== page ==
Bodily fluids in religion and history
Many bodily fluids are regarded with varying levels of disgust among world cultures, including the Abrahamic faiths (Christianity, Islam, Judaism) and Hinduism. On the other hand, blood plays an important symbolic role in Catholicism: the saved in paradise are said to be "have washed their robes in the blood of the Lamb" Revelation 7:14. In the eucharistic meal, the faithful eat and drink consecrated bread and wine. The dogma of transubstantiation states that the bread and the wine become the flesh and blood of Christ. There are many churches dedicated to the Holy Blood of Christ and there blood relics of saints such as San Gennaro.
Body fluids in forensic science
The term body fluid is used in a forensic science context to refer to items of biological evidence.
Body fluid therefore refers to not only to typical body liquids such as blood or semen, but to any item of trace evidence with a biological origin, including hair, bone, teeth, faeces and skin or muscle tissue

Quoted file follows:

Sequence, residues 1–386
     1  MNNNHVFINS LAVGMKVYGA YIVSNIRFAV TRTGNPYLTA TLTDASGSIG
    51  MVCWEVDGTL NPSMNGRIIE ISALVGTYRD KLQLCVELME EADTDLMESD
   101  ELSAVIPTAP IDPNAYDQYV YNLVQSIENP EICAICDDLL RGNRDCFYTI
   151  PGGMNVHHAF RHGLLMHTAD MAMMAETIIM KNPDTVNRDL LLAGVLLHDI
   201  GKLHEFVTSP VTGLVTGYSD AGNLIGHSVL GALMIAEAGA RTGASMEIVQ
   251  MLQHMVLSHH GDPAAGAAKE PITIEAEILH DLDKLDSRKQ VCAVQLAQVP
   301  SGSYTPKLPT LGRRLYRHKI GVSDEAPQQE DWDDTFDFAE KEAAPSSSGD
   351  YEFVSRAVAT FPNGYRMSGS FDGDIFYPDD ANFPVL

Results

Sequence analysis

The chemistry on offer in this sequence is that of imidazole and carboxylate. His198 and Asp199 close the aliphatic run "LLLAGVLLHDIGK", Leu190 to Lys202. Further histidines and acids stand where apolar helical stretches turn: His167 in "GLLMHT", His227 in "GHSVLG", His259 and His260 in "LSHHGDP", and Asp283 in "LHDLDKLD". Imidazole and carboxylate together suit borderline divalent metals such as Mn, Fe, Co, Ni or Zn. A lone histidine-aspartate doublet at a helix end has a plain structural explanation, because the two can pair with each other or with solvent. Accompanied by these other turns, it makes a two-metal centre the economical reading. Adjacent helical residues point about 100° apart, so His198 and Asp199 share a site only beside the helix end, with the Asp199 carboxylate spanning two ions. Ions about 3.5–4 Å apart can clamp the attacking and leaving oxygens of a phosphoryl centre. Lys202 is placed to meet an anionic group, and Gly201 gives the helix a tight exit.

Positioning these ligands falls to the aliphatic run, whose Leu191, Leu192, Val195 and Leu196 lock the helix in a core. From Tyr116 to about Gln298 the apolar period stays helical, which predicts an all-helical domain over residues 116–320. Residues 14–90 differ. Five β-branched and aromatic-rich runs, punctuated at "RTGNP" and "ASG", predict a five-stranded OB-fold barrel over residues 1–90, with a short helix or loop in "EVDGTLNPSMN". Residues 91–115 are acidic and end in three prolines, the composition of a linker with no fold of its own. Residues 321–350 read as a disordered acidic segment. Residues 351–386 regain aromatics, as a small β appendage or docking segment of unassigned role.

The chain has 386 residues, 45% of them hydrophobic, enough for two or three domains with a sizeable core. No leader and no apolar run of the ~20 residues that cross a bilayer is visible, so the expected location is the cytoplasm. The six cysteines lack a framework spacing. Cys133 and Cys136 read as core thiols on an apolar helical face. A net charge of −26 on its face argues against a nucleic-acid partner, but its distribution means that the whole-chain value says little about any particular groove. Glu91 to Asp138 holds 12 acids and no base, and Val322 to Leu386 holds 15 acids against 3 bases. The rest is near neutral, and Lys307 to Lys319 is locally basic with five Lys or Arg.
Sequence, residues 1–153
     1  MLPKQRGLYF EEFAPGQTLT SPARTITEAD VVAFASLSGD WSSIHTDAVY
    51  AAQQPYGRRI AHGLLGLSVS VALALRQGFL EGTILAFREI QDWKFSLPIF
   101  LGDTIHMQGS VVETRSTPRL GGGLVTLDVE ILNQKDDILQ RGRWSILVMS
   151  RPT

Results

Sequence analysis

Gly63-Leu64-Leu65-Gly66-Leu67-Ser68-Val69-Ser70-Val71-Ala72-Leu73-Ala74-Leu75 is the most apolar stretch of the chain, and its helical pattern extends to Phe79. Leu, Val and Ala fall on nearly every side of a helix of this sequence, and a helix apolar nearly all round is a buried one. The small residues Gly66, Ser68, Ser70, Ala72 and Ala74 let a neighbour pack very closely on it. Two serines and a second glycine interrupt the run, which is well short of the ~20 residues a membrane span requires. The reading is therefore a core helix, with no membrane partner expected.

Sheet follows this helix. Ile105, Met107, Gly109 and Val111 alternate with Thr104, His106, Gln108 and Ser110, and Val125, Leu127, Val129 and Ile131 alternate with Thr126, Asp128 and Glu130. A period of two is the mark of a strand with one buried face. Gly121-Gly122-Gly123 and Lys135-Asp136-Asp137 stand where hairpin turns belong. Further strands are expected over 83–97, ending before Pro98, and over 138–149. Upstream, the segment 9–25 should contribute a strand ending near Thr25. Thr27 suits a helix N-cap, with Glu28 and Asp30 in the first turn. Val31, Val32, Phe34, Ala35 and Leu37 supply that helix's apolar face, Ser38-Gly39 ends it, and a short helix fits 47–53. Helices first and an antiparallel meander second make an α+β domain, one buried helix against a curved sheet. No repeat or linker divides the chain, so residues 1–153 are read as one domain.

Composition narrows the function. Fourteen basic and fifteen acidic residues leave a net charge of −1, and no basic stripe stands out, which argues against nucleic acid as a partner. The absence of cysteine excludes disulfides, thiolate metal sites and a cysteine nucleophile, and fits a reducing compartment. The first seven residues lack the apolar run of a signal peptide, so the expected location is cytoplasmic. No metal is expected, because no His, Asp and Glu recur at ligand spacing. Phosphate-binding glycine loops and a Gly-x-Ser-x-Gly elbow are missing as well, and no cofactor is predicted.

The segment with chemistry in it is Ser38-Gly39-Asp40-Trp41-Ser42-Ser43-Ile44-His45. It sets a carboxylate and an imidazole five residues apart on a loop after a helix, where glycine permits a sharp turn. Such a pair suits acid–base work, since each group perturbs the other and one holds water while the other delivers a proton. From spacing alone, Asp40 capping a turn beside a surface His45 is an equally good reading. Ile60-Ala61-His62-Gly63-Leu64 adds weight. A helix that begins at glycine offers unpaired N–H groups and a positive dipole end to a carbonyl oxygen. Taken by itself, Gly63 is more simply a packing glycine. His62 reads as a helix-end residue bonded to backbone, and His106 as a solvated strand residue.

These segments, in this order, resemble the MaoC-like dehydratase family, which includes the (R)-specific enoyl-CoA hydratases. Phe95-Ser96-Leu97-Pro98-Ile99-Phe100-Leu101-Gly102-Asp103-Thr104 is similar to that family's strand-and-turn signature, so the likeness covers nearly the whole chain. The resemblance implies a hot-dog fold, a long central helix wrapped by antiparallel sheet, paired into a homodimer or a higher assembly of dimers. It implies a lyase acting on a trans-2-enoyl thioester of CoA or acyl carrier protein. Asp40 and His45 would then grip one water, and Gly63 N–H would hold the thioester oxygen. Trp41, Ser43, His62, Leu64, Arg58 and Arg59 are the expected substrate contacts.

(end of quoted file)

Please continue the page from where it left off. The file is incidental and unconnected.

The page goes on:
Methods of sampling of body fluids include:
Extracellular fluid (ECF) or extracellular fluid volume.
Usually denotes all body fluid outside of cells
Intravascular fluid (blood plasma)
Interstitial fluid
Lymphatic fluid
Transcellular fluid
Arterial blood, such as radial artery puncture
Blood sampling for any blood test, in turn including:

Venous blood, also called venipuncture
Lumbar puncture

Is a diagnostic and at times therapeutic procedure that is performed to collect a sample of cerebrospinal fluid for biochemical, microbiological, and cytological analysis, or very rarely as a treatment to relieve increased intracranial pressure.
Is an invasive procedure to remove fluid or air from the pleural space for diagnostic or therapeutic purposes.
Is a medical procedure used in prenatal diagnosis of chromosomal abnormalities and fetal infections, and also used for sex determination in which a small amount of amniotic fluid, which contains fetal tissues.
The erythrocytes (which are normally present in the millions) have the important function of transport O2 and CO2 throughout the body. The vehicle for this transportation is a protein-iron pigment called hemoglobin.